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What can a homeowners association regulate?

If you are considering the purchase of a Louisiana condominium, townhouse or home, check to see if it is located in a common interest development with a homeowners association. If so, make sure you understand the HOA’s governing structure, its rules and regulations regarding the community’s homes or units, and the annual dues and monthly fees it charges individual homeowners before making your buying decision.

FindLaw explains that the main purpose of a homeowners association is to ensure a level of uniformity within the community, such as by specifying what colors of exterior paint you can use or what type of siding, shingles and roof you can have. The second main purpose of an HOA is to maintain the community’s common areas such as streets, sidewalks, alleyways and any amenities such as a park, playground, swimming pool, tennis court, clubhouse, etc.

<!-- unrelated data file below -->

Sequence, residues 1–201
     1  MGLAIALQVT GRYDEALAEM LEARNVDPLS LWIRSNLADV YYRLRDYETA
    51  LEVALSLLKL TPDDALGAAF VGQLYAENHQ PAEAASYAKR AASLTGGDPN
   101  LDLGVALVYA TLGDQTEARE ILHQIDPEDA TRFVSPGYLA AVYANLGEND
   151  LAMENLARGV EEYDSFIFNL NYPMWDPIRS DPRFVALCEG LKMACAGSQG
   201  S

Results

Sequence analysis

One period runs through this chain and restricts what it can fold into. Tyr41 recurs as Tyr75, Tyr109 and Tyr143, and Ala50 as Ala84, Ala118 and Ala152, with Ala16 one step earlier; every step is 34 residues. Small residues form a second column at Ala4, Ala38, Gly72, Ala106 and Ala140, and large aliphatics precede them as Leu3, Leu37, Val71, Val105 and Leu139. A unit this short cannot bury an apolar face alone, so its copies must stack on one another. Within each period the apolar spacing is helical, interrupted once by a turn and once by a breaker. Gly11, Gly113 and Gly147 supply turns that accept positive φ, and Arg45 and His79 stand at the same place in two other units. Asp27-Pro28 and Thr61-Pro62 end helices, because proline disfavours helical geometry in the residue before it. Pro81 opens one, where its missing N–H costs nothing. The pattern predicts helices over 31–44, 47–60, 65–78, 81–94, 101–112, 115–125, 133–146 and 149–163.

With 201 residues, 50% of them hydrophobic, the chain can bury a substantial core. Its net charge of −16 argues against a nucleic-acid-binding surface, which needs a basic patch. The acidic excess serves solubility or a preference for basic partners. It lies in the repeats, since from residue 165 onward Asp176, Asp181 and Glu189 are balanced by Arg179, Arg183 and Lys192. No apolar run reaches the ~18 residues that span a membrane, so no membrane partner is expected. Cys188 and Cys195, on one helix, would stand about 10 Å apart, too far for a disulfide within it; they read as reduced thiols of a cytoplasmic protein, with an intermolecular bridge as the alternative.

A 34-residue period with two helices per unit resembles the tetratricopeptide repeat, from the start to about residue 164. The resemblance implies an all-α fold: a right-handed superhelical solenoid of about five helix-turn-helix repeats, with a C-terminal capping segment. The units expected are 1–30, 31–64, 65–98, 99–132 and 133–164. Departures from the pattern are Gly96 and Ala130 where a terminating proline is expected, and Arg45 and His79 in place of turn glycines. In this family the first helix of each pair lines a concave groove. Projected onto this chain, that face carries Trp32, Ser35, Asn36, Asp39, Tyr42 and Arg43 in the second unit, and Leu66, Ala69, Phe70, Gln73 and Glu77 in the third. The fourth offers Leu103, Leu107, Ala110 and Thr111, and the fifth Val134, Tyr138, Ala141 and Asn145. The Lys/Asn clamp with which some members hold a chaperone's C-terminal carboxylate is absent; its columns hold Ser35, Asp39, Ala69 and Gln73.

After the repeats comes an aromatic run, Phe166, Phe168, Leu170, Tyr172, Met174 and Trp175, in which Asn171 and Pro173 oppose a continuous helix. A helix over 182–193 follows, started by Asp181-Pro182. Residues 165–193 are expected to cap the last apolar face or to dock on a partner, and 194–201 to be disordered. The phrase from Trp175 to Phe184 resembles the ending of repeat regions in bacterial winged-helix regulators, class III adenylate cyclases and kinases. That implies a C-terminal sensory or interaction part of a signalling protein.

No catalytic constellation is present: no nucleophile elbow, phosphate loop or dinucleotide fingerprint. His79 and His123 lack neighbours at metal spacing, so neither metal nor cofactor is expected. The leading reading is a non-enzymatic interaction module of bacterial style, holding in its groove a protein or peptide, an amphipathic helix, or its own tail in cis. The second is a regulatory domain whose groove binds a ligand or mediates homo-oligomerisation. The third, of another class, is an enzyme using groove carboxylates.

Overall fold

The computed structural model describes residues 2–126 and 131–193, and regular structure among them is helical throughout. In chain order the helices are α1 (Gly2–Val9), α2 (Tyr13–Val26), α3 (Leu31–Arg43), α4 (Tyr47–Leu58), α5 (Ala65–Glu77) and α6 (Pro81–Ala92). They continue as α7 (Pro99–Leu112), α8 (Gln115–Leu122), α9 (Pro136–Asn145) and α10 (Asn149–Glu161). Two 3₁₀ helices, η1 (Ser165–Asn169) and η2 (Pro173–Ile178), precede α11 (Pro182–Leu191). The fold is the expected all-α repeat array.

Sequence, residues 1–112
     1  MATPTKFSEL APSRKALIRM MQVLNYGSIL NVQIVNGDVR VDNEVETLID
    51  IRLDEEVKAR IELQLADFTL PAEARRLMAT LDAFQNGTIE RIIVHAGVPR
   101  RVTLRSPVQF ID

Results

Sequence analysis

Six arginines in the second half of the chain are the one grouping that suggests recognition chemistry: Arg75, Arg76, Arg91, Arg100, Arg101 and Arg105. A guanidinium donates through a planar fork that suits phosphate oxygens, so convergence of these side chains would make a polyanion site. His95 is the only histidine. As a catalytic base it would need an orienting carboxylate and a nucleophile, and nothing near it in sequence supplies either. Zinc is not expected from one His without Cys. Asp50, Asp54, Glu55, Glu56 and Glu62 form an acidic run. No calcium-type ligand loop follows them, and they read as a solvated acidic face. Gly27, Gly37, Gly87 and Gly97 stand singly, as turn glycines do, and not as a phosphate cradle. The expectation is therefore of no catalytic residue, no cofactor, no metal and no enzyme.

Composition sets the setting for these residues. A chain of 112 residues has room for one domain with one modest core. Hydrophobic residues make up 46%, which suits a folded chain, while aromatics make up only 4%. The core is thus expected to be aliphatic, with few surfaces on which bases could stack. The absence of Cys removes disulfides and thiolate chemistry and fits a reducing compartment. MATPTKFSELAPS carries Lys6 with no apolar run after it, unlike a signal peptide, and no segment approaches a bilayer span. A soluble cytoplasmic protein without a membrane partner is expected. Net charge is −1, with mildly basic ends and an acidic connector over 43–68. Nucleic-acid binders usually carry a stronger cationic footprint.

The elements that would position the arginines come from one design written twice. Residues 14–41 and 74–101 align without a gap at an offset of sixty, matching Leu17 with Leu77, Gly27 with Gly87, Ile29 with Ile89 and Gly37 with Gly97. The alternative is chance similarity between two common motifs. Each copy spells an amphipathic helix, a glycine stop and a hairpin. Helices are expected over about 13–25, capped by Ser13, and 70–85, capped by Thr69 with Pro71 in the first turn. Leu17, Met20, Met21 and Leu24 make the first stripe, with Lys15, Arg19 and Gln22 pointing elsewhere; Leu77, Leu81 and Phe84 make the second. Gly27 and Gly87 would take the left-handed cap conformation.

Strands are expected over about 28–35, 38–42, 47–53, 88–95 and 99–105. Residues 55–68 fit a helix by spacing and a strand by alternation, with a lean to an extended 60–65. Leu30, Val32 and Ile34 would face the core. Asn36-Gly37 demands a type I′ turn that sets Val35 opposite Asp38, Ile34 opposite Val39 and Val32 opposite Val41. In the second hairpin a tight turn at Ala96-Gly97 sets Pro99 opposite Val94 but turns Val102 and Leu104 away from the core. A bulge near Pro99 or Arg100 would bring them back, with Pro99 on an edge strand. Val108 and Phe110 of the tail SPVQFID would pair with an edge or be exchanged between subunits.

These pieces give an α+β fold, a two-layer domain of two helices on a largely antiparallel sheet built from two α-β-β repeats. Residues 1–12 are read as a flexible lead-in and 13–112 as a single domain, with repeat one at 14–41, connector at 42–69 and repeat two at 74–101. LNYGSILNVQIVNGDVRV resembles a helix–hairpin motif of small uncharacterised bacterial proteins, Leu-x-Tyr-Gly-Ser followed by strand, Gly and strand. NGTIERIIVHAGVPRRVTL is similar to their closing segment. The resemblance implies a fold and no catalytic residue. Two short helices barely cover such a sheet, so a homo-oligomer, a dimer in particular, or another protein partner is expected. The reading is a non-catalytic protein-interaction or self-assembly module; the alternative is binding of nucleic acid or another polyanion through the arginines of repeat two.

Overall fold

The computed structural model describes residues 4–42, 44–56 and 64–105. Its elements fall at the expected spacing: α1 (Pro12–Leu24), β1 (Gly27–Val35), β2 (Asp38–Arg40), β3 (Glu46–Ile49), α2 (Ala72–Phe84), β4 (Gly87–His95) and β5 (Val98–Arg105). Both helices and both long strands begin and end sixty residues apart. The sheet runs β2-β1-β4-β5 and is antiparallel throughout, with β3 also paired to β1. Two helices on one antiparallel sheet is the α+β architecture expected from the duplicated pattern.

Types of regulations

Each HOA is different and the number and types of things it can regulate vary from community to community. Familiarize yourself with the HOA’s list of restrictions to determine if you can comfortably live within those boundaries once you move in. In addition to exterior paint colors and roof and/or siding specifications, an HOA often has other restrictions as well, including the following:

  • What kind of fencing, if any, you are allowed to erect and where it can be erected
  • What kind of landscaping you are allowed to have, such as lawn, trees, shrubs, hedges, gardens, yard art, etc.
  • What kinds of pets, if any, you are allowed to have and how many of them
  • What kinds of home business, if any, you are allowed to operate
  • What kinds of outbuildings, if any, you are allowed to erect
  • What kinds of children’s play equipment, if any, you are allowed to install and where it can be installed

In addition, many HOAs regulate what type(s) of vehicles, if any, you can park on the street and how much noise you and/or your guests are allowed to make, particularly after dark. This information is provided for educational purposes and should not be interpreted as legal advice.

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